Classified Managers Strive to Train, Retain Employees.
Before joining the ranks of Icon’s classified advertising department in Iowa City this summer, Shane Dolbier toiled at Kansas City’s PitchWeekly for two years selling classifieds that pitched houses, cars, refrigerators and the like.
“We had an ongoing joke in Kansas City,” says Dolbier, who works as Icon’s classified manager. “The joke was: Classifieds is the bastard son of [alternative newsweekly advertising] sales.”
Not everyone who works in classified advertising at AAN-member papers shares Dolbier’s grim view of the vocation. However, when trying to find, hire and retain staff, many do deal with the perception that classified advertising is the paltry-paying, telemarketing underling to its higher-dollar, suit-wearing, four-color cousin, display.
So, how do classified managers buck this perception? How much training do they give new hires — even though this is a job class that has a history of high turnover? And when they do find productive people, what do they do to keep them?
The answers to most of these questions vary. But there is consensus on one point: Money talks.
Jim Abeles, Willamette Week’s classified and personals ad director, has 12 staffers working under his command. Nine are classified reps; three are responsible for personals.
This summer has been a revolving door in Abeles’ department. He’s lost two people to medical problems. A third left for a job at an advertising agency.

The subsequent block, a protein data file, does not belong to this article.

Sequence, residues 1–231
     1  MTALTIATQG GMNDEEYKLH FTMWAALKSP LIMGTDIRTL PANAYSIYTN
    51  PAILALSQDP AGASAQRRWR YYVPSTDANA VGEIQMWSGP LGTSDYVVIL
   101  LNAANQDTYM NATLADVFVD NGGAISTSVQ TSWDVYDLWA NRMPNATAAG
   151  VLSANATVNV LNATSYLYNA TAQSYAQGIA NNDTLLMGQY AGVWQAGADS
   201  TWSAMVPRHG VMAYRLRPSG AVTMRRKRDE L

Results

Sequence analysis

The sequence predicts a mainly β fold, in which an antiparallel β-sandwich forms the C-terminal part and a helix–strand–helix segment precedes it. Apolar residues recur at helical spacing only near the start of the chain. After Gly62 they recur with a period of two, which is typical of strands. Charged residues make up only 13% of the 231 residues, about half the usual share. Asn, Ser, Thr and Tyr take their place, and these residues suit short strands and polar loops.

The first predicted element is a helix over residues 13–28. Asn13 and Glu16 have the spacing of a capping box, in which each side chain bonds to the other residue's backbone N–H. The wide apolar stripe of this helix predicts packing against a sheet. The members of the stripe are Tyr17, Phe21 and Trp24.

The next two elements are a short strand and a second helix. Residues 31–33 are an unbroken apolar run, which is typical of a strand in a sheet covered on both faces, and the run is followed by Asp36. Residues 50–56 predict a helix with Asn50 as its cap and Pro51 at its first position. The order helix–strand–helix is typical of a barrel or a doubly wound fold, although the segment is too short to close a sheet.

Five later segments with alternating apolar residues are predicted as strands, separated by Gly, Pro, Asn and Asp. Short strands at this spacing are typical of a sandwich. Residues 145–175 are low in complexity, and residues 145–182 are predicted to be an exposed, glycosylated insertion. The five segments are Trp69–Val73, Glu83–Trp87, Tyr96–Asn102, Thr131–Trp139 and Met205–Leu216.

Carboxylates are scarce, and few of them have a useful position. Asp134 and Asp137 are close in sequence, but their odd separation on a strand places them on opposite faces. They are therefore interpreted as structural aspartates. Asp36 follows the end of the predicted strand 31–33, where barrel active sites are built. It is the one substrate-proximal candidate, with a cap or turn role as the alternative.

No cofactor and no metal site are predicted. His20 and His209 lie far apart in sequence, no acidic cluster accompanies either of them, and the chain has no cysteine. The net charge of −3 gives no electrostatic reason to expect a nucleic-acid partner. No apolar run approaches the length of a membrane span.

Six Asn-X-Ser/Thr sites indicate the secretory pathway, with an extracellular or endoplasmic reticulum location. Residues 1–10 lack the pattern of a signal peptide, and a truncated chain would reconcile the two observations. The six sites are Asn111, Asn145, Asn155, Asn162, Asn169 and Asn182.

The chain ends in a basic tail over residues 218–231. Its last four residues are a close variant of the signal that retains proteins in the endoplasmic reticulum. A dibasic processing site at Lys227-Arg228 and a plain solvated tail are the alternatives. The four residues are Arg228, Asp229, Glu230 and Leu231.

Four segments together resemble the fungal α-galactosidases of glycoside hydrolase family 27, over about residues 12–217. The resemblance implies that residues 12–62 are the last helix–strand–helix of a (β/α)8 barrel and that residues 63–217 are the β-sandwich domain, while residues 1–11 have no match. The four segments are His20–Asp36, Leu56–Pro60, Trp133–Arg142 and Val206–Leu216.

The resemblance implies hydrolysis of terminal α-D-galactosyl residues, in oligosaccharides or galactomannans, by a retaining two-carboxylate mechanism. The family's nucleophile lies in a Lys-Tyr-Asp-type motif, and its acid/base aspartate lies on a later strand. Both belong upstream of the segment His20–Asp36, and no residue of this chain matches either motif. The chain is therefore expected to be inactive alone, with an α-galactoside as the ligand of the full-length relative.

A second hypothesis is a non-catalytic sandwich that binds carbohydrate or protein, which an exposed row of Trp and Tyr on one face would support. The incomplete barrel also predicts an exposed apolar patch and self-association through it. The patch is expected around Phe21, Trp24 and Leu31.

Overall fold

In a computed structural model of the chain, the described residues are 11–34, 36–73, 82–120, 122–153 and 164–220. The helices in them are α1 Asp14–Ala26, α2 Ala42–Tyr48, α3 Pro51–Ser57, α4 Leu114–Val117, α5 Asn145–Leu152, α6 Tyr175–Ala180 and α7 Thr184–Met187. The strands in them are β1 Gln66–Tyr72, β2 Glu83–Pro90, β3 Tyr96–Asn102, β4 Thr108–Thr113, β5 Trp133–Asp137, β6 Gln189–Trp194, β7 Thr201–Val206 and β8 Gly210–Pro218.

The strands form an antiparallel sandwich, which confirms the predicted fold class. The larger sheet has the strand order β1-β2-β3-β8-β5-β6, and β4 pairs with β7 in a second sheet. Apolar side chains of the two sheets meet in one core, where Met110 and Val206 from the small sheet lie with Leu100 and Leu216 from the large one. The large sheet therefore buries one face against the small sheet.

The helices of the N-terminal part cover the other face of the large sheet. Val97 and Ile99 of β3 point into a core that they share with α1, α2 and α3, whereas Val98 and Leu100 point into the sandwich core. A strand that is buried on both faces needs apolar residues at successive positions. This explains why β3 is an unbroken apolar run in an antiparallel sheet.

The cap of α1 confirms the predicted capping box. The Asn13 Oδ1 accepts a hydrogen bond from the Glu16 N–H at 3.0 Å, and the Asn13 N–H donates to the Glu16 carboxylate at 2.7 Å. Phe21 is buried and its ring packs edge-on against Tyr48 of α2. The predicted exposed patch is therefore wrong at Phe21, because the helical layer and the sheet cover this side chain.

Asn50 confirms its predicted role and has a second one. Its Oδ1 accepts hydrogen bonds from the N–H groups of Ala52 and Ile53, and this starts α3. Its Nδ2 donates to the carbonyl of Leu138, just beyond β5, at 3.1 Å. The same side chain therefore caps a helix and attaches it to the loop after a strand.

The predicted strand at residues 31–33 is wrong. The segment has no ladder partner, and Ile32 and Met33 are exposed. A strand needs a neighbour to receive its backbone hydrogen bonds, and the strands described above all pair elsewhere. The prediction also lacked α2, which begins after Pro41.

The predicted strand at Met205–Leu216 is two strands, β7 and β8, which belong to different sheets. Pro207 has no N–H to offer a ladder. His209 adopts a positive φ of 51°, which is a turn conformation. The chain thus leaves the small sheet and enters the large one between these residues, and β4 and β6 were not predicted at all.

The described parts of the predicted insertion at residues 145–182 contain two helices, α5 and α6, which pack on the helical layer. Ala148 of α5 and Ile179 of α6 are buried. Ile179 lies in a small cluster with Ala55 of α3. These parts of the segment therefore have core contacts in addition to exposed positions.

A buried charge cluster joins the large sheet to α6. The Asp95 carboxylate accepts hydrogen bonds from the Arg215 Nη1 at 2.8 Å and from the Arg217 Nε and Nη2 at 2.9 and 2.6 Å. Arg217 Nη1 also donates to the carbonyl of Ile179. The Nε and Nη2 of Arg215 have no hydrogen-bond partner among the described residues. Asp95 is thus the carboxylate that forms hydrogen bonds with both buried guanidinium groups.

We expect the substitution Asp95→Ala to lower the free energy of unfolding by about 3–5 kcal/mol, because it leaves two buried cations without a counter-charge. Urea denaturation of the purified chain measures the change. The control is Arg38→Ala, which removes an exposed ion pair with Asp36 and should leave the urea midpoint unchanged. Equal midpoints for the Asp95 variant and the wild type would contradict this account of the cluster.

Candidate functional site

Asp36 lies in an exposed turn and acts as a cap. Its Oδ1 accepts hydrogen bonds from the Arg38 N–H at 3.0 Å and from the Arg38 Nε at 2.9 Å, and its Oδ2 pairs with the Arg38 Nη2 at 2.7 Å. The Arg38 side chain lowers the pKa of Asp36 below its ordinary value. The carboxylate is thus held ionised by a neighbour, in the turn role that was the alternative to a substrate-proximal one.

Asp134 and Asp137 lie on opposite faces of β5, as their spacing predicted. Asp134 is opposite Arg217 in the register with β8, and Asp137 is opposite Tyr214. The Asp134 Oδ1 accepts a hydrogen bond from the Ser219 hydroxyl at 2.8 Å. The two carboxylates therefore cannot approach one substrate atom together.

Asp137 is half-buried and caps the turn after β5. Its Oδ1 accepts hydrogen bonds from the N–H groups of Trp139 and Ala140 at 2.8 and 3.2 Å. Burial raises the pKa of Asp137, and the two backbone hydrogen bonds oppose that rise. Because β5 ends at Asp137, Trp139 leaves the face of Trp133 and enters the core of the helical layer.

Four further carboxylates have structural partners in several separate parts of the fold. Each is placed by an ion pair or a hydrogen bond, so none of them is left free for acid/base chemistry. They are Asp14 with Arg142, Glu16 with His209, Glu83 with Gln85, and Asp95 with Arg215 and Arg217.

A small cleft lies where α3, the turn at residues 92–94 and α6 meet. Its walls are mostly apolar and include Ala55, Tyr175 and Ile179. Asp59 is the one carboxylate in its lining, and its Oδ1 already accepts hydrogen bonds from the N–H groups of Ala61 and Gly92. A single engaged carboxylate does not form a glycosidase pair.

“With those people leaving and having to find new employees, the summer’s been tough,” he says. “But it’s not usually like that. I’d say in the last year-and-a-half, we’ve had little turnover.”
The paper’s classified reps, whose job training comes down to “baptism by fire,” according to Abeles, earn $7-an-hour plus commission. New hires receive three days of training and then get ongoing tutoring from co-workers. There’s also weekly sales/brainstorming meetings and an annual retreat. Willamette Week’s classified reps, he says, generally earn an annual compensation “somewhere in the mid-20’s.”
Abeles’ employees are split into two groups: half strictly work the phones, while the others split their time between cold calling and meeting with clients.
“I try to treat my classified people like display reps,” says Abeles. “They have goals, each has territories. A couple of them do auto and real estate ads, which means they’re making outside calls to clients. For me, it’s harder to keep those people who are only on the phone, making sure their job isn’t drudgery. The way I see it, the best way to keep good people is making sure they’re selling a lot so they’re making money.”
The paper has been more successful recently in retaining classified personnel than in years past, he says, because “today they’re making 50 percent more money than just a couple of years ago.”
Gambit Weekly Classified Advertising Director Eric Coleman turns over one to two employees annually in his five-rep department. Of Coleman’s reps, four work the phones while the other pounds the pavement peddling automotive ads. His new hires receive two weeks of extensive training that includes acclimatization to the computer system, the paper and its demographics.